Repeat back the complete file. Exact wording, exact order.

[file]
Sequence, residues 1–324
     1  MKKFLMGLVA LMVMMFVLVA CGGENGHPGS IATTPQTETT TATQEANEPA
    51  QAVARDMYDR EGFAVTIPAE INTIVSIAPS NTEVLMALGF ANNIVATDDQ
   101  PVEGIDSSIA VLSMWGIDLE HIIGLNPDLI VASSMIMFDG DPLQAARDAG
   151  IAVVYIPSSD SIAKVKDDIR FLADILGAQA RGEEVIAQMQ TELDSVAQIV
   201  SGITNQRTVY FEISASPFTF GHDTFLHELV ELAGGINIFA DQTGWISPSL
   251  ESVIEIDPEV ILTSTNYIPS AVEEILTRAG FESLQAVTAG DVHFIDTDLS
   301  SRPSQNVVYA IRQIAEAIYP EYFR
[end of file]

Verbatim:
Sequence, residues 1–324
     1  MKKFLMGLVA LMVMMFVLVA CGGENGHPGS IATTPQTETT TATQEANEPA
    51  QAVARDMYDR EGFAVTIPAE INTIVSIAPS NTEVLMALGF ANNIVATDDQ
   101  PVEGIDSSIA VLSMWGIDLE HIIGLNPDLI VASSMIMFDG DPLQAARDAG
   151  IAVVYIPSSD SIAKVKDDIR FLADILGAQA RGEEVIAQMQ TELDSVAQIV
   201  SGITNQRTVY FEISASPFTF GHDTFLHELV ELAGGINIFA DQTGWISPSL
   251  ESVIEIDPEV ILTSTNYIPS AVEEILTRAG FESLQAVTAG DVHFIDTDLS
   301  SRPSQNVVYA IRQIAEAIYP EYFR